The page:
In 1992, with $16,000 of starter money, Kadoura opened the first Med Deli on West Franklin St. in Chapel Hill. It had 12 chairs, six tables and one six-foot deli case. 

“Everything that the business made, I put it back in the business,” Kadoura said. 

Now, Med Deli has a booming catering business and three restaurant locations with many more tables, chairs, and deli cases. Kadoura said he wouldn’t be where he is today without the support he found in Chapel Hill. 

“I call on the community, the community comes”

 “I started getting to know the community,” he said. “I can honestly tell you, this is one of the greatest communities. I wouldn’t want to live anywhere else, and I don’t want to raise my kids anywhere else.”

As soon as Kadoura started seeing success at Med Deli, he knew it was time to give back. 

“I think that living in the refugee camp has a lot to do with it — with all my old memories of people running to save the poor people with catastrophic problems,” Kadoura said. “I think it has something to do with the people who helped me before, because automatically, you want to give, too.”

In addition to supporting local charities and student groups, Kadoura and his team have been organizing larger fundraisers for refugees and crisis relief for years now. Most recently, Med Deli hosted a fundraiser following the earthquakes in Turkey and Syria. 

“I call on the community, the community comes,” Kadoura said. “People trust us, and people value us, and people just love us, and we love them. So whenever I do a fundraiser, they just swarm the place.” 

The one-day fundraiser raised $30,000 for those affected by the earthquakes.

“He said, ‘I’m donating all of the sales. A hundred percent of the sales for the whole day,’” Catering director Liz Coughlin said. “I mean, literally, he didn’t even think about it five minutes before it came out.”

Before Kadoura hires a new employee, he always gives them the same advice. 

“Don’t work here because you want to stay here the rest of your life.” 

Many of Kadoura’s employees are also immigrants. He hopes that the community at Med Deli will enable them to build a stronger future for themselves.

“Our employees are paid well, but they need more than that,” Kadoura said. “They need opportunities in life. They need a coach that can advise them and show them the way.”

For Kadoura, that means signing a 10-year lease to help his chef of 14 years open his own restaurant.

It also means hiring a homeless man who came in for meals and welcoming him into his own home. 

It means setting up meetings with a Spanish-speaking realtor to help long-time employees to buy a home of their own.

“That, I think, comes from an individual themselves, which is me, myself,” he said. “It doesn’t come from being a business, it comes from you as a person.”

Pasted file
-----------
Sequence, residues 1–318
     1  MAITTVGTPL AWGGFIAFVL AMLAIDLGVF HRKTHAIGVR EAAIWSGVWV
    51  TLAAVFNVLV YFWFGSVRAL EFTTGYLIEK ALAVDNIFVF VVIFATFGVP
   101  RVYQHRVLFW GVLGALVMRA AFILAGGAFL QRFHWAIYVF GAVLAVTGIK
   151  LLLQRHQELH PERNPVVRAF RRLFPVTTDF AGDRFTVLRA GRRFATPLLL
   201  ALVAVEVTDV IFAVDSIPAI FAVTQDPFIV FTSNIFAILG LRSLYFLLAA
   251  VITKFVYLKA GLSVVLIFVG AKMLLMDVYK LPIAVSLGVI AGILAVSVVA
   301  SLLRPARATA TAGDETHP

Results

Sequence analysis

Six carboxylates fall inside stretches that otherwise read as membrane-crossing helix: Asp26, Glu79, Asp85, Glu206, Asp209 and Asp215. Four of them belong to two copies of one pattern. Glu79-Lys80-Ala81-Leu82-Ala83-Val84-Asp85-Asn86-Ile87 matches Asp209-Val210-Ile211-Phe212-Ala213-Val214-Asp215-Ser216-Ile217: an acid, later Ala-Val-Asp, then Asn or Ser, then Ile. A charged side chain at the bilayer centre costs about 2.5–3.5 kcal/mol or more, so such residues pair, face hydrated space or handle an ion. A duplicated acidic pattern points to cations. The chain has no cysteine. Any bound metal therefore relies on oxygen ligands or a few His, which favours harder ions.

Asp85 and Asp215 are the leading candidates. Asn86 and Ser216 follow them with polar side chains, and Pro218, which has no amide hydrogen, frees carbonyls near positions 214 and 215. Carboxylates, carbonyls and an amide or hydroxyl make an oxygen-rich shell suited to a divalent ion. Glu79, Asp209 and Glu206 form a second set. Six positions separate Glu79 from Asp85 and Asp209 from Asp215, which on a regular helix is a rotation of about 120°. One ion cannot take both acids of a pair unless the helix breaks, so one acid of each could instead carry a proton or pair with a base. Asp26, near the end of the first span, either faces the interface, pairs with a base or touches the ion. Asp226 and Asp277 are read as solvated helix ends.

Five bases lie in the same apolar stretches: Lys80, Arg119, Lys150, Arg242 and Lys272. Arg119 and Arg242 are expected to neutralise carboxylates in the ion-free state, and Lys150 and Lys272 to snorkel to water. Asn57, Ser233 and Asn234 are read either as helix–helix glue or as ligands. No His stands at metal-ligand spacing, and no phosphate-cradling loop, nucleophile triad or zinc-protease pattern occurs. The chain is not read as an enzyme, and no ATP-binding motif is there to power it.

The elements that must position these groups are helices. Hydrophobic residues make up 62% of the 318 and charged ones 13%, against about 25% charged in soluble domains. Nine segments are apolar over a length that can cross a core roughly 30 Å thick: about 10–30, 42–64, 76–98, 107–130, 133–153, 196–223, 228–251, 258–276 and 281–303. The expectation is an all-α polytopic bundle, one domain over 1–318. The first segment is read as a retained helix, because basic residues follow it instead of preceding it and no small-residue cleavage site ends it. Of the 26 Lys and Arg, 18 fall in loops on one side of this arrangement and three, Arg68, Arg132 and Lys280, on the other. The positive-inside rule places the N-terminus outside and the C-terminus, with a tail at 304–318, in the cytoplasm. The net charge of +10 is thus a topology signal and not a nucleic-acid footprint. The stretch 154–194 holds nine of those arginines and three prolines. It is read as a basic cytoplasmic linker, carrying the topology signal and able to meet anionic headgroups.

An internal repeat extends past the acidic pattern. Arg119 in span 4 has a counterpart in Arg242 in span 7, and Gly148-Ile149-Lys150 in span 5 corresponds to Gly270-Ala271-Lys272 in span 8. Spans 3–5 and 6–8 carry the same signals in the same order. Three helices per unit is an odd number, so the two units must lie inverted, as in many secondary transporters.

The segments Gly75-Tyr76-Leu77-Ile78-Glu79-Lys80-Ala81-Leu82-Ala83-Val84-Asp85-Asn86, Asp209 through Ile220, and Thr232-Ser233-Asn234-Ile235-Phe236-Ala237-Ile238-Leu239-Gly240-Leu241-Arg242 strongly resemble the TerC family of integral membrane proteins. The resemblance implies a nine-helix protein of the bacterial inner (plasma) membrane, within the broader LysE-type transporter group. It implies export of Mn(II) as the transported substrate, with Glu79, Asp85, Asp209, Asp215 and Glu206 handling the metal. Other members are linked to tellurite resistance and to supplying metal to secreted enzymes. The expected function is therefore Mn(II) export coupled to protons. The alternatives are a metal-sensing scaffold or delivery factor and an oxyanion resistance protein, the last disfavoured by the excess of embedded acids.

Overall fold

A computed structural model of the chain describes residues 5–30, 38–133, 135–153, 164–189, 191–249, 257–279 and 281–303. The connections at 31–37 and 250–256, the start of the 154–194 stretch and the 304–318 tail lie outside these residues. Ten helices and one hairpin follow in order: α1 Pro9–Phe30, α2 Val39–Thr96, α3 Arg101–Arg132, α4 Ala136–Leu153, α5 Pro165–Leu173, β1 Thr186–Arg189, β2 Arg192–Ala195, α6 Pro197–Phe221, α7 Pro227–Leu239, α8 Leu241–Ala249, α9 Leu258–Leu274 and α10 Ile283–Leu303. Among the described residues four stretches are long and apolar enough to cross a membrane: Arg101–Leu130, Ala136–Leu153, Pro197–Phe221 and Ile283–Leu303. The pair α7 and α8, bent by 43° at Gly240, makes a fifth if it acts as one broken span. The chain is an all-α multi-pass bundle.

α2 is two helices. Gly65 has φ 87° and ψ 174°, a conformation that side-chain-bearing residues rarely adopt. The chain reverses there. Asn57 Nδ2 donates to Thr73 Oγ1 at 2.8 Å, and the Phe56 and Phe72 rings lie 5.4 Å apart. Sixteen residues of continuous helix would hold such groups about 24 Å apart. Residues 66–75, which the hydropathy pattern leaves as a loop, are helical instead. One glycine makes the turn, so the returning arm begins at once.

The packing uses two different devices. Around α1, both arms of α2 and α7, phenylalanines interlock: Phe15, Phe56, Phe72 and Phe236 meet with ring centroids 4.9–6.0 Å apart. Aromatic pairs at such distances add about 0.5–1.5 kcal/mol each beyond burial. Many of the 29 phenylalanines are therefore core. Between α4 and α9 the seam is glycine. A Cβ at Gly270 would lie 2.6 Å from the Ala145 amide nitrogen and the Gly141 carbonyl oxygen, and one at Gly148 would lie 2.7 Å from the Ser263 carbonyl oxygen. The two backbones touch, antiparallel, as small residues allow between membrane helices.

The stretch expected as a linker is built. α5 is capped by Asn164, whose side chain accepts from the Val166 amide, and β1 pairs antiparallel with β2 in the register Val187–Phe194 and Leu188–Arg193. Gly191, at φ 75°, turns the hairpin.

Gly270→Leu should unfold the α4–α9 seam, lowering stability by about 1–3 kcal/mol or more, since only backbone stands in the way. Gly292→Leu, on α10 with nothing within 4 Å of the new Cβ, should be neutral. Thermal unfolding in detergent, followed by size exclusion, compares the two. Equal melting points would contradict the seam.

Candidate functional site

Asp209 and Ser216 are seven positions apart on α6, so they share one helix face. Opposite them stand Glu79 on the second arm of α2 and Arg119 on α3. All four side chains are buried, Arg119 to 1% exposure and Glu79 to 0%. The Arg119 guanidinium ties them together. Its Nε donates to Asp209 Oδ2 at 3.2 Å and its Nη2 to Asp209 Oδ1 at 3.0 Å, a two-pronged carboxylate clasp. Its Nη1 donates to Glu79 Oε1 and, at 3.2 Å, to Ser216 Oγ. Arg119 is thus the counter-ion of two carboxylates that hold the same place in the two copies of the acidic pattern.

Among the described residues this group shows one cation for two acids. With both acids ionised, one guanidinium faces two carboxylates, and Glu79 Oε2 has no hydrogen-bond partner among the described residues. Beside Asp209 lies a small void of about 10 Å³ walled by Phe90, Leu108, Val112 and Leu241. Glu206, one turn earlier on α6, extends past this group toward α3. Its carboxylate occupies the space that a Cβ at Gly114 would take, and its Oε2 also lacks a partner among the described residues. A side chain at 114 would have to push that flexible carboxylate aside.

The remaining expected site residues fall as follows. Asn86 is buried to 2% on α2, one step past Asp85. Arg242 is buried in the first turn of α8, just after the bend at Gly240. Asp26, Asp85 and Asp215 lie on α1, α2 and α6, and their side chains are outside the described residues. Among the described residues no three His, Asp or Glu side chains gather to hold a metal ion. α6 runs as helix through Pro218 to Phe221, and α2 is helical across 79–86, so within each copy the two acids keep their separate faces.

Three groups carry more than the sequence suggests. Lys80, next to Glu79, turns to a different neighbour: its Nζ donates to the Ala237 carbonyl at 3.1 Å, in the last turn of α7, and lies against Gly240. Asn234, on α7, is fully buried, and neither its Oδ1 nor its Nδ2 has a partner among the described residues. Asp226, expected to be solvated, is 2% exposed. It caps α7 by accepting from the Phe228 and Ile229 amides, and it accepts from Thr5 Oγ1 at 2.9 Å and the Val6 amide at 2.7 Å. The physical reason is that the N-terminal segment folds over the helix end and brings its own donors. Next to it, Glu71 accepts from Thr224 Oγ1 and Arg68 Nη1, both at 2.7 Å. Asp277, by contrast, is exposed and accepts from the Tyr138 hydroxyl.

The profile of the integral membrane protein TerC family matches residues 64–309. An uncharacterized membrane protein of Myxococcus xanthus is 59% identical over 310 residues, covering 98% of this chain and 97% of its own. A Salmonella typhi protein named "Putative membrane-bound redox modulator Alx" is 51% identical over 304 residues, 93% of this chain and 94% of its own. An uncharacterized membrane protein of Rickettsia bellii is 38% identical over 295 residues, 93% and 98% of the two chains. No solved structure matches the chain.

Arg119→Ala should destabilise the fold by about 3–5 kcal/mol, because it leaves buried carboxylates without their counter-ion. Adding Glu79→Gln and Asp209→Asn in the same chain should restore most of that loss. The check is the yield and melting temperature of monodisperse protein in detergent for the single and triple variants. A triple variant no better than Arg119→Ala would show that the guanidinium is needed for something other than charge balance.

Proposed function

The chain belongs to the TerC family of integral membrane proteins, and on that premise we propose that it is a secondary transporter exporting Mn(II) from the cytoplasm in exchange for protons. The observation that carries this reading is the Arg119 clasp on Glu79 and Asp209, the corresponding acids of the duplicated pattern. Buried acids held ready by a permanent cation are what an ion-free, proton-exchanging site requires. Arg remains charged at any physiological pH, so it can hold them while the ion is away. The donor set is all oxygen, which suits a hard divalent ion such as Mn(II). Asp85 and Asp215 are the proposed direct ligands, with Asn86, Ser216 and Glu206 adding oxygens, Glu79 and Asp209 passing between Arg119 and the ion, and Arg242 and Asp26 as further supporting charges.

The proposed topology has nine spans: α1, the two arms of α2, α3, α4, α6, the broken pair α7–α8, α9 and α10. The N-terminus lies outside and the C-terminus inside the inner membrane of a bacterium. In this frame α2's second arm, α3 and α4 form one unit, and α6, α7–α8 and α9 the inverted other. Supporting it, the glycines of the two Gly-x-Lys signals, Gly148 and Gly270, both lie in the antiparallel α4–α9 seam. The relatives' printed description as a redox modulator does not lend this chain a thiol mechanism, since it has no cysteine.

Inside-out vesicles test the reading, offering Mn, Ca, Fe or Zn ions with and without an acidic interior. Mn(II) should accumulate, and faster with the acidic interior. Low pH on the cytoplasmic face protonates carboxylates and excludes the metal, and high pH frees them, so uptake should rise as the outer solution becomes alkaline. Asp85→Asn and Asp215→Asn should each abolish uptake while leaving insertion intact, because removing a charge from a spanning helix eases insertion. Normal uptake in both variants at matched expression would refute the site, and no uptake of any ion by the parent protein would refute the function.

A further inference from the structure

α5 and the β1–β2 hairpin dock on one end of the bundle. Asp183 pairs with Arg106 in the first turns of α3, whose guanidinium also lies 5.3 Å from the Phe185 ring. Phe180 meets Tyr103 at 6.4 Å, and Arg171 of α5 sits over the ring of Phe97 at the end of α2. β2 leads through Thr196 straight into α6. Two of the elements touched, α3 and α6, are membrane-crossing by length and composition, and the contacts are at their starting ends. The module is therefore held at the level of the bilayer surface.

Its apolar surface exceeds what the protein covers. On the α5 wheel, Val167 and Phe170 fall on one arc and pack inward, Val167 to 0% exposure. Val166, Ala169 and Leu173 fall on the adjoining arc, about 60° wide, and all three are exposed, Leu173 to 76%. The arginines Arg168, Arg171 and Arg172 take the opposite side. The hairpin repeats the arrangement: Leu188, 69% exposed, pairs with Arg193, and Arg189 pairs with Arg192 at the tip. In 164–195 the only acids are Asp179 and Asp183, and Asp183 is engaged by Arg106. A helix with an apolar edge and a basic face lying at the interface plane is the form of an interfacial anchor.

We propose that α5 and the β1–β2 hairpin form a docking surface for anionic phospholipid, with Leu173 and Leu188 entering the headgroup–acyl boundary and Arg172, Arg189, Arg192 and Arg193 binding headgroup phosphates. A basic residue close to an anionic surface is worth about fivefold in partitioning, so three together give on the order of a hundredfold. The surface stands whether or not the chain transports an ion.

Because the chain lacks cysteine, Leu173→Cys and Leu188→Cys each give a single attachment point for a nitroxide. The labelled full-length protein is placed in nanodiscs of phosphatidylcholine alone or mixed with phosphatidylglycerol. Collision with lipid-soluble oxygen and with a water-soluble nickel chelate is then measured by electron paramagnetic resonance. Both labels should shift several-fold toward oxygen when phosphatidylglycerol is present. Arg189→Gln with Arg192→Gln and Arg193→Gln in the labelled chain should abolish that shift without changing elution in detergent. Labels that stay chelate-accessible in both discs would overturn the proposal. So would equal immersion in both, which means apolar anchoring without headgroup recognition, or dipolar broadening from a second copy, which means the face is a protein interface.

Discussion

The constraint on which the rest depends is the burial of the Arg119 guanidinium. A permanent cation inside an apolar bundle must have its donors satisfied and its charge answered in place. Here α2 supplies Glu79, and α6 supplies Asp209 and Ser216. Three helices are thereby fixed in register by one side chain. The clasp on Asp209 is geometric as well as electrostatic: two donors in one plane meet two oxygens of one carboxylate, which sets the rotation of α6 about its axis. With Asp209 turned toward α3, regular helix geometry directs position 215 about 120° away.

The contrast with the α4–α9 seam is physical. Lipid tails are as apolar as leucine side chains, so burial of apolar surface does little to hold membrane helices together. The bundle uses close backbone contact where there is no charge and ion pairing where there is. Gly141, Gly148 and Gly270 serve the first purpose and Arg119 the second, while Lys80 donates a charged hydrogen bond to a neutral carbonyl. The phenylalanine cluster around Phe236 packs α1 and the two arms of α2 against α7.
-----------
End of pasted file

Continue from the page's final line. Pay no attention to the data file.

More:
He shares his spirit of generosity with his employees, including his 24-year-old daughter Ambara, who is learning the ropes of the business after graduating college. 

“It’s always important to just give,” Ambara Kadoura said. “I really believe that’s the biggest thing. I swear to God, he instilled that in me and my siblings. And you know, it’s always gotten us so far.” 

At 62, Jamil Kadoura is still working every day, but he’s happy to take a backseat to his younger employees. 

“They all kill me now,” he said. “I go to the back there and they go ‘Patrón, get out of the way!’ Like, I’m too slow for them.”

Kadoura got up from the table while employees carrying trays of hummus and tzatziki paraded out to a catering van. 

Before returning to work, Kadoura had one request.

“Before you leave, I want to get you some lunch,” he said. “And make sure you don’t leave without it.”

Edited by Mattie Collins and Katie Lin


‘The poetry of agriculture’: Fricks Apiaries shows love to Chapel Hill through beekeeping

By Isabella Braddish

February weather is a guessing game for residents of the Tar Heel State. One day, it’s snowfall. The next, a beautiful 60-degree day that calls for an extended lunch break.

Conditions may be unpredictable, but North Carolina apiarists — also known as beekeepers — start their seasonal work on February 1. Rain or shine.

Chapel Hill residents Guy and Ingrid Fricks began their beekeeping careers when they purchased two bee hives in early 2000s and opened Fricks Apiaries. Following a move from Carolina Beach, the couple became invested in protecting the local environment and building a community of honey enthusiasts

A former yacht carpenter, Guy Fricks turned to beekeeping — a practice he said is a dying art. A proverb has circulated in the hearts and minds of the couple since moving to Chapel Hill.

“Beekeeping is the poetry of agriculture,” Guy Fricks said. 

Nothing short of necessary’